Smart Motion Detection

The smart motion detection technology was first added to some PoE Reolink cameras and then I saw it on the RLC-511WA, a wireless 4K camera, so I knew that it will be implemented on the next Argus generation. Well, it seems that I was wrong and Reolink decided not to wait to include it with an entirely new generation, but to quickly add it on the new Argus 3 Pro (if only Apple would follow this school of thought). So yes, the battery-operated camera does have the same AI engine built in to tell apart moving humans from moving cars, which is very useful in heavily trafficked areas since it can help keep the false alarms at a minimum rate. I’m not entirely sure whether it would help better preserve the battery, but we do get a bigger one, so it should be fine.

As for testing, I’m still not allowed to roam on busier streets and since my neighborhood has one car moving every half an hour, I needed to trick the camera with the same video that I used with the other Reolink cameras. And a strange thing happened, the camera was able to tell that it was looking at a screen (I am fairly sure it was able to see something different than my eye, due to the refresh rate), so I had to go back to the good non-virtual testing.


After dedicating an afternoon (when most people would walk their dogs), I was able to see how the Reolink Argus 3 Pro detects motion. It’s, of course, just as good as on the A series (as I call it), so expect accurate detection for up to 100 feet, where the camera can figure out when a car or a human is moving – even towards it. Furthermore, in the dark, things were just as good as during the day due to the built-in spotlight which gets enabled immediately after the front-facing motion sensor was triggered.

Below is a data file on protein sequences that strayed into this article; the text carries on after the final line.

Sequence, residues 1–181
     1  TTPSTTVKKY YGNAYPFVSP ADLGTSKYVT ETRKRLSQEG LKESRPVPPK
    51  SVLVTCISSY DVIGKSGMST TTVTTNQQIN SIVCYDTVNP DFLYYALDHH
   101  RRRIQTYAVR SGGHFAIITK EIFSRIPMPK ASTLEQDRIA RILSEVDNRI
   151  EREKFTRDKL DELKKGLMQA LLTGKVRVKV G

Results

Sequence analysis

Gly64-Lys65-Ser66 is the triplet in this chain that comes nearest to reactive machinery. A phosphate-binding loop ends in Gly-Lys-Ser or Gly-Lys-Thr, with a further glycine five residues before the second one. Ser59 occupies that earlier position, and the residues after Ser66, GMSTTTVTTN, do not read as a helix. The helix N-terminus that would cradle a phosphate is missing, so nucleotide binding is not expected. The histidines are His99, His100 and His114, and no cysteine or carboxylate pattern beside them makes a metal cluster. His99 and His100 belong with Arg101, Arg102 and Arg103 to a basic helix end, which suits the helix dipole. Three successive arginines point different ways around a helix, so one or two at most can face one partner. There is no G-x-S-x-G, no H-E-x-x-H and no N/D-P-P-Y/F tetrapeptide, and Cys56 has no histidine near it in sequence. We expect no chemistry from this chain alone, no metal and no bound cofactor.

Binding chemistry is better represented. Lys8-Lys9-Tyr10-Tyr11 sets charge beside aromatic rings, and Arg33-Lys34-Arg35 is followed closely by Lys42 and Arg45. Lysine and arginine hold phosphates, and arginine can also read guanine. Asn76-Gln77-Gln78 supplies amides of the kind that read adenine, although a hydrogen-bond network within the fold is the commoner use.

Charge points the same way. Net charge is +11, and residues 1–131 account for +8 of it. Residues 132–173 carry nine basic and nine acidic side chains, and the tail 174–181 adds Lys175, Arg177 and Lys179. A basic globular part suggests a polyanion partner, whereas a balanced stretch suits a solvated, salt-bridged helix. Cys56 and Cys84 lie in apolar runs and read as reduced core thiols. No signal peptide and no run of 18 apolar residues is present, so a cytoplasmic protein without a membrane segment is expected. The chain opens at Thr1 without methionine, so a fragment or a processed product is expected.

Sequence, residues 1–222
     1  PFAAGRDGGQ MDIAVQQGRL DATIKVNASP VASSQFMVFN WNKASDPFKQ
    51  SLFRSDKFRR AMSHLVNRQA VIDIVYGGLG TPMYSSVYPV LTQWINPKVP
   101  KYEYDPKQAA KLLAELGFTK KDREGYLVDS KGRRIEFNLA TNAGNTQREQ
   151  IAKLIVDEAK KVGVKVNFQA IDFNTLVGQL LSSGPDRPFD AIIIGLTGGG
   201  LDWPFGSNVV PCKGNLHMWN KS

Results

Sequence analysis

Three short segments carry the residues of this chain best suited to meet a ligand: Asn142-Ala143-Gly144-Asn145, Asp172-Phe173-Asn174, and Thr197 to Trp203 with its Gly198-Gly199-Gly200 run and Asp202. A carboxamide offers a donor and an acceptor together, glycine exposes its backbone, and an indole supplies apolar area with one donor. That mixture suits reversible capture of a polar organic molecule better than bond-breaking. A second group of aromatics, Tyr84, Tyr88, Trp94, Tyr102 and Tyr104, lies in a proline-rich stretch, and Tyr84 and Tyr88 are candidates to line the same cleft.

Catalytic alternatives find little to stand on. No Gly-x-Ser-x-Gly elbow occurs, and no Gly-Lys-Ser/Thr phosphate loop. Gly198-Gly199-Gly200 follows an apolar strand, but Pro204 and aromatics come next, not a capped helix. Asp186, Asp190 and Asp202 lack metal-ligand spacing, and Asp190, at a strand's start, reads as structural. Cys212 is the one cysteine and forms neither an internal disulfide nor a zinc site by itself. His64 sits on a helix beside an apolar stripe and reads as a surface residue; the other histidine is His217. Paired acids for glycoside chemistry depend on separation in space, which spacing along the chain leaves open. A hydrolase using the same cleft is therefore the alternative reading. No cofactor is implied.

There can be false alarms if a piece of cloth moves in front of the camera or if it’s very windy and some tree branches get moved in a more ample way, but you can fix most of these occurrences by selecting an area of interest (Motion Area) in the app. There’s also the possibility to adjust the sensitivity and it should be higher if the area of interest is far and it should be lower if you need to monitor an area near the camera.


The Argus 3 battery-powered camera already had me impressed due to its fair features and competitive price but this time, Reolink really took out the entire artillery to blow out any similarly-priced competitor out of the water and yes, it also can be considered a proper competitor to the Arlo Pro 4. The price tag is currently (at the moment of writing) far below Netgear’s offering, so the Reolink Argus 3 Pro is clearly the best outdoor camera from the price to performance and features ratio. You get smart motion detection, a spotlight for deterring intruders and for colored night-time footage, there is a horn, two-way communication and even support for a solar panel, so I am honestly very curious to see what exactly will Reolink bring with the next Argus generation.

Pages: 1 2

Reolink Argus 3 Pro













  • 2K resolution
  • Smart motion sensor that can tell apart moving cars from humans
  • Spotlight + Colored night vision
  • Bigger battery than its predecessor
  • Support for 128GB microSD cards


  • As a very minor complaint, the camera is still stuck with a microUSB port

Leave a Comment